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Parental Alienation

by / 0 Comments / 415 View / March 22, 2009

Parental alienation is a big and important area of child custody cases. While many non-custodial many believe that parental alienation is occuring the question is what can be done about. Under the New York Domestic Relations Law, parental alienation can result in the reduction of child support, but more importantly it can result in the change of custody.

The New York Appellate courts have come to realize that parental alienation is harmful to the child, and therefore could warrant a change of custody. The First Department, in Osbourne v. Regina S., 55 AD3d 465 found that “the mother’s negative attitude and hostility toward the father, as evidenced by her maligning of the father in the child’s presence, the filing of unsubstantiated reports of abuse and neglect against him, and encouraging the child to lie to support her false claims, failed to demonstrate a willingness or ability on her part to facilitate and encourage a close and optimum relationship between the child and his father.” As a result the court changed custody from the mother to the father.

The key to the decision is the understanding that parental alienation is not in the best interests of the child. In the case of Zeis v. Slater, 57 AD3d 793, the Second Department specifically stated that parental alienation is not in the child’s best interests. The court agreed with the Family Court that the mother should lose custody. The court found that the “mother deliberately interfered with the father’s visitation rights, and moreover, denigrated the father in the child’s presence. This conduct is so inconsistent with the child’s best interests that it per se raises a strong probability that the mother is unfit to act as a custodial parent.”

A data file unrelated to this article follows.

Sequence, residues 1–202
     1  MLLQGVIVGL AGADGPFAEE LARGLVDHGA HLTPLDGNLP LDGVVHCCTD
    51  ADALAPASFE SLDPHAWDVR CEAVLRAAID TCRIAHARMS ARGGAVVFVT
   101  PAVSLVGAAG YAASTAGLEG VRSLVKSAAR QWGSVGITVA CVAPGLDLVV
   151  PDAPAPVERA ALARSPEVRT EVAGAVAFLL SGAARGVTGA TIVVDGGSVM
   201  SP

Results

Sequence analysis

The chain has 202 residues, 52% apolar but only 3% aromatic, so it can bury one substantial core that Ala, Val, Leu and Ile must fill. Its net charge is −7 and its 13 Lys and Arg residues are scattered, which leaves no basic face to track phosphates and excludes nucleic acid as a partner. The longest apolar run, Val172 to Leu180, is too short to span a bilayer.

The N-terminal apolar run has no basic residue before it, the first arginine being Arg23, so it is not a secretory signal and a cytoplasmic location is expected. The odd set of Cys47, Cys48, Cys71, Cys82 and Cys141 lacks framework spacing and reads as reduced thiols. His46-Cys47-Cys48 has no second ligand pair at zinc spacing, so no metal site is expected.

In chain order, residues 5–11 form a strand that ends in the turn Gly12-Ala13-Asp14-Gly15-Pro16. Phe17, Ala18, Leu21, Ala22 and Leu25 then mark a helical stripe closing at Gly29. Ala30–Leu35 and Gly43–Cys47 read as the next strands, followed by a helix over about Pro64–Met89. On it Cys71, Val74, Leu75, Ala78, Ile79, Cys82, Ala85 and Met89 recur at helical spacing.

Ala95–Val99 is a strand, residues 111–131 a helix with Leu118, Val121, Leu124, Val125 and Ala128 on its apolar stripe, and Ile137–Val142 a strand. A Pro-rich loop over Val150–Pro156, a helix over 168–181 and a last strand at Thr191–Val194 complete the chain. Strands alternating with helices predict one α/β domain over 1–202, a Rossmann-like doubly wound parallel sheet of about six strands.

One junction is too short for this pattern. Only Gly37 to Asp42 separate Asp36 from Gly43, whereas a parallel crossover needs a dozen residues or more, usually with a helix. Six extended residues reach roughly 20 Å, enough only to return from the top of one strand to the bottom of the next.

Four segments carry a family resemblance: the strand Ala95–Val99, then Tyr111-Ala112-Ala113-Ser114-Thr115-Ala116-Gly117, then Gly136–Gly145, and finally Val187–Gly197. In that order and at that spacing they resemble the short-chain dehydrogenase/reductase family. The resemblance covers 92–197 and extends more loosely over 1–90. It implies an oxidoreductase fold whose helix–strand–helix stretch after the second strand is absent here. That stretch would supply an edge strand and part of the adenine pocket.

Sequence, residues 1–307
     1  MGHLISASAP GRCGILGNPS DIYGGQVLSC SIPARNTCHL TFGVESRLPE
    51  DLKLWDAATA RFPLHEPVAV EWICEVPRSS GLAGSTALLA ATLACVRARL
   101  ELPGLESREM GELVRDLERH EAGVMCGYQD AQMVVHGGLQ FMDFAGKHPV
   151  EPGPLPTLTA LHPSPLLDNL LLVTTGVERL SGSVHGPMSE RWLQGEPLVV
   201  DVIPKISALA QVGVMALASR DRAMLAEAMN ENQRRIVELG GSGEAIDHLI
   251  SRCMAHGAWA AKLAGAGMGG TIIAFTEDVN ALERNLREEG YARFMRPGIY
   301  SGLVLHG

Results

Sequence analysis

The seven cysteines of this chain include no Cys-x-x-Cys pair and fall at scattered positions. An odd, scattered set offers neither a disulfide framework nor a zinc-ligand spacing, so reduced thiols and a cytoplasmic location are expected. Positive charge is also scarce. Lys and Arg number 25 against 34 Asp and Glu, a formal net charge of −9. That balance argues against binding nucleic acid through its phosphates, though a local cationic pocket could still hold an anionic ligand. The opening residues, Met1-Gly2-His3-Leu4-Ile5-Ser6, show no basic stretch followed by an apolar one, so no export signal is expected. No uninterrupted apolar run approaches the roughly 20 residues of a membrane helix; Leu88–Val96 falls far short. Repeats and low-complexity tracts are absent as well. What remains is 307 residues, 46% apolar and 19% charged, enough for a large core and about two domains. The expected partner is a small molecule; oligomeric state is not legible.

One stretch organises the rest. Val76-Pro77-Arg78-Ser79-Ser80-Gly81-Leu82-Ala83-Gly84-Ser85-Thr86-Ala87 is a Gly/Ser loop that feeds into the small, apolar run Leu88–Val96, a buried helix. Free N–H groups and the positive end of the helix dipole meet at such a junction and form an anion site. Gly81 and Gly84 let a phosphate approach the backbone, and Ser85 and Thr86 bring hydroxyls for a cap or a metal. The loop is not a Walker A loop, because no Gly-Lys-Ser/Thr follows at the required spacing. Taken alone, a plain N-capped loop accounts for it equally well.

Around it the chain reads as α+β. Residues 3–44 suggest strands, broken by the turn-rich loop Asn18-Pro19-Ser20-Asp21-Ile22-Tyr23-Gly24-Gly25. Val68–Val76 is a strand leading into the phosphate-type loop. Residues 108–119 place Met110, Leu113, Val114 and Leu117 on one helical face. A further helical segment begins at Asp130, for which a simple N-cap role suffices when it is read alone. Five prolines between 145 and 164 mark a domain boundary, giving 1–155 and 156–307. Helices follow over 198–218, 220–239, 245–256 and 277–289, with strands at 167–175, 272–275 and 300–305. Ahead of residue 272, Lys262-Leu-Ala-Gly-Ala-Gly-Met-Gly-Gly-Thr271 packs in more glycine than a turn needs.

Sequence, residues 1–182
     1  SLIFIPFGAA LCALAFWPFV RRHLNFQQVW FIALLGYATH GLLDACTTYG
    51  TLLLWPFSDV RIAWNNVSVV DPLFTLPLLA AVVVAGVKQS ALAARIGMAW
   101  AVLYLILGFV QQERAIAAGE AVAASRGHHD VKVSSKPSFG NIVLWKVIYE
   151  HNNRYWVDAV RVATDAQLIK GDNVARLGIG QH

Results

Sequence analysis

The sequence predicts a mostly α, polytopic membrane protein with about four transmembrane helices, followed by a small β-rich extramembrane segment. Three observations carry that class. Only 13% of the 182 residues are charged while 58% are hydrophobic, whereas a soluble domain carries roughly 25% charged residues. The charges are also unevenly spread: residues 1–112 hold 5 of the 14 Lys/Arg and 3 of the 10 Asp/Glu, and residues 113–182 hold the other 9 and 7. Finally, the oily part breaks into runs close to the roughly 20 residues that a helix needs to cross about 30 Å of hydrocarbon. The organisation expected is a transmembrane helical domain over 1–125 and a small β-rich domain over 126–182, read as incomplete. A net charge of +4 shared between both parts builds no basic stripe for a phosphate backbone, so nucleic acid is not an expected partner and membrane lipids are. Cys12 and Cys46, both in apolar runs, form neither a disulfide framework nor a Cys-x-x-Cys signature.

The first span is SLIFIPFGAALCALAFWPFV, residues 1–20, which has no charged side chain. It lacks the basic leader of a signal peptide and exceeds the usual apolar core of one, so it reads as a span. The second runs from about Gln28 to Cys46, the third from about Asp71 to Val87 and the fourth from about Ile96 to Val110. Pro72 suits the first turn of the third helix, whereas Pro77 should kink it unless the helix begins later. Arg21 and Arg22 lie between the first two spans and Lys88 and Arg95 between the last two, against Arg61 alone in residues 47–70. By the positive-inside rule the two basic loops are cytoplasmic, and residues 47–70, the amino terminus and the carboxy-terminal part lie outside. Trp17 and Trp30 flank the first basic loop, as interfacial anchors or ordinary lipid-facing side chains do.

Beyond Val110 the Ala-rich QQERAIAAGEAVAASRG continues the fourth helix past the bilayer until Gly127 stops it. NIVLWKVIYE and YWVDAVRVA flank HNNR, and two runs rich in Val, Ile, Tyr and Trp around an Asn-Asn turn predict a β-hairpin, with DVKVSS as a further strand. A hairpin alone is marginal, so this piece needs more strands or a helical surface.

In fact, the courts are so concerned with parental alienation that not only may a custodial parent lose custody, but may also lose unsupervised visitation. In Stewart v. Stewart, 56 AD3d 1218, the court found that as a result of the parental alienation, that supervised visitation was in the child’s best interest.

The point for the custodial parent is to avoid at all costs saying anything that is derogatory about the non-custodial parent to the children. The point for the non-custodial parent is that you can fight back against parental alienation.

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